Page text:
Espen got a parking ticket for his Tesla, and he's pretty sure he can exonerate himself, if only the company would give him access to his car's data, but they won't.
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Rachel writes, "My chap and I are dedicated steampunks and geeks. My chap Andy also happens to be the owner of a very tidy laser cutter! Put the two together and you end up with our fabulous tribute to Nikola Tesla in the form of a beautiful laser etched vase entitled Souvenir of Wardenclyffe featuring a super illustration via Leo Blanchette. The back of the vase is also etched using a sample of Tesla's own handwriting!"
Nikola Tesla pitches some Silicon Valley venture capitalists. Perfect. (Thanks, Gabe Adiv!)
"A concert on the engineering quad, University of Illinois," explains Tau Zero. "The arcs reproduced the fundamental tones of music played back through a PA system. Part of the Engineering Open House."
"My Favorite Museum Exhibit" is a series of posts aimed at giving BoingBoing readers a chance to show off their favorite exhibits and specimens, preferably from museums that might go overlooked in the tourism pantheon. I'll be featuring posts in this series all week. Want to see them all? Check out the archive post. I'll update the full list there every morning.
Spend enough time in a museum and the space starts to take on a personality. From knowing the exhibits—and thinking about what is included and what isn't—you start to feel like you have some insight into "who" the museum is supposed to be, and, perhaps, a peek into the minds that shaped the place.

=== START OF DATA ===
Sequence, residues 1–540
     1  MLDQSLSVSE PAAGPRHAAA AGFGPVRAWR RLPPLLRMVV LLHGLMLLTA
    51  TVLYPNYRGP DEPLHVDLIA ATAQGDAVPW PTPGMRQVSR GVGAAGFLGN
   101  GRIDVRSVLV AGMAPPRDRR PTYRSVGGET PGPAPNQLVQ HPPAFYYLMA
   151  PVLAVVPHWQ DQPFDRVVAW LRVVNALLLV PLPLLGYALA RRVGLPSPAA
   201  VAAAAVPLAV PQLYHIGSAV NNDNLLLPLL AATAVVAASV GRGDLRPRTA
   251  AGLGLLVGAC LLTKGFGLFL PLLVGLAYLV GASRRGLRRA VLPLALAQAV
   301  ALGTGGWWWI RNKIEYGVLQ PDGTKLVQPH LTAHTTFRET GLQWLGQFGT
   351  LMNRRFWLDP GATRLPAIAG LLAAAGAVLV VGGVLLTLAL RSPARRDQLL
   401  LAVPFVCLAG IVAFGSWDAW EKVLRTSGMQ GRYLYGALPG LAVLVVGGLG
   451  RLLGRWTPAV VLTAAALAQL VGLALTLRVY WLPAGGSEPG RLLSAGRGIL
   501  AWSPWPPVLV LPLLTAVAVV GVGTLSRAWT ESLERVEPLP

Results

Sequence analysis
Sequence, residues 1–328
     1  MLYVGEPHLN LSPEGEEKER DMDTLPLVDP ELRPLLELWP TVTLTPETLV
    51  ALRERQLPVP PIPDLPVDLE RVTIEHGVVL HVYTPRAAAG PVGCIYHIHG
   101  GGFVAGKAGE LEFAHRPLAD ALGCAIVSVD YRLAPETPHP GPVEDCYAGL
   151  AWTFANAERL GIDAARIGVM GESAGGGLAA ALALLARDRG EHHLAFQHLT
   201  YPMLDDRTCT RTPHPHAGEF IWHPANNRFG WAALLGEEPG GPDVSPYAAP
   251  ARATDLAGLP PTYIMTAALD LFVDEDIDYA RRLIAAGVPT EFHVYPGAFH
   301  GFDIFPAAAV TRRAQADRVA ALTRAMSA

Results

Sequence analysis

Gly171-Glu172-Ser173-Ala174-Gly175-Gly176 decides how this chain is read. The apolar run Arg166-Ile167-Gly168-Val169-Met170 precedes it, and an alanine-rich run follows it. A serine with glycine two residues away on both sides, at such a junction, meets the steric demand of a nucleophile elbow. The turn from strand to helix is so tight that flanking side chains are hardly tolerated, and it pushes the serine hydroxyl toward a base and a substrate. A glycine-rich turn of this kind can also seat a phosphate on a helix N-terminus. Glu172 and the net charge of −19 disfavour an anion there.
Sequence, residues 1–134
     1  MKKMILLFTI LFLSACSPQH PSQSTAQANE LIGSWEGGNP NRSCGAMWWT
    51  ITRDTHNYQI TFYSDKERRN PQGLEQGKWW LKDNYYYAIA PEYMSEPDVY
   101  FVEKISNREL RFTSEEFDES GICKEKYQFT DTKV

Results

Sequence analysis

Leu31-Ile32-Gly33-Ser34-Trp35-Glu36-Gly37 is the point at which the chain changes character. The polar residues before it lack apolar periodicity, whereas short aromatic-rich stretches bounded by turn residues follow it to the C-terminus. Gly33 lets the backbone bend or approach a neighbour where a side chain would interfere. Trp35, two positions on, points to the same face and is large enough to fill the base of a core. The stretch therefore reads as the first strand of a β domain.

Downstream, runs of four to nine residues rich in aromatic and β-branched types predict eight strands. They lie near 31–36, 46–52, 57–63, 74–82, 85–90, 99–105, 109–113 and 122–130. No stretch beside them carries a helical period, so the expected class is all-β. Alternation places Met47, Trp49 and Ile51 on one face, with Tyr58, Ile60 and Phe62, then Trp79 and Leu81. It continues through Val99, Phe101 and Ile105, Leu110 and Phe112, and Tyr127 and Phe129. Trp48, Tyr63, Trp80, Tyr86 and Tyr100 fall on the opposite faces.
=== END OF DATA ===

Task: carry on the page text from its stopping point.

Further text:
And sometimes, what you learn is kind of funny.
When you go through The Henry Ford as many times as I have, you start to assemble a portrait of a borderline-creepy affection for Thomas Edison by Henry Ford. There's industrialist BFFs ... and then there's Ford and Edison. I've never seen any notebooks with Edison's name and little hearts around it, but whole thing feels rather odd.
So I think it's very telling that there's just one tiny case related to Tesla — arguably Edison's 'Apollo Creed' to Tesla's 'Rocky' — and it mainly houses his death mask almost like a trophy.
Electrical engineer Greg Leyh built the giant Tesla coil in this video, and wants to construct an even larger version: Two 10-story-high towers that would send lightning zinging across an area the length of a football field. New Scientist interviewed Leyh, to find out what the point of this is (besides the obvious inherent awesomeness):
Lightning can break down air up to five times more easily than normal electric arcs [between two oppositely charged rods in the lab], using tricks we don't yet understand. However, recent theories and a few tantalising experimental results suggest that normal arcs start to gain lightning-like abilities once they grow past about 60 metres in length. If we can build a machine this large, we'll very quickly arrive at a better understanding of what's going on.
A couple of weeks ago, Pesco pointed out that you can actually donate money towards making this project happen. Double awesome!
This death mask of Nikola Tesla is on display at a museum in Belgrade, Serbia. Does anyone know if you can have a death mask cast if you're also an organ donor? Does cornea, etc, harvesting interfere with the mask-making? Because I'm an organ donor, but man, I'd love to leave behind one of these babies.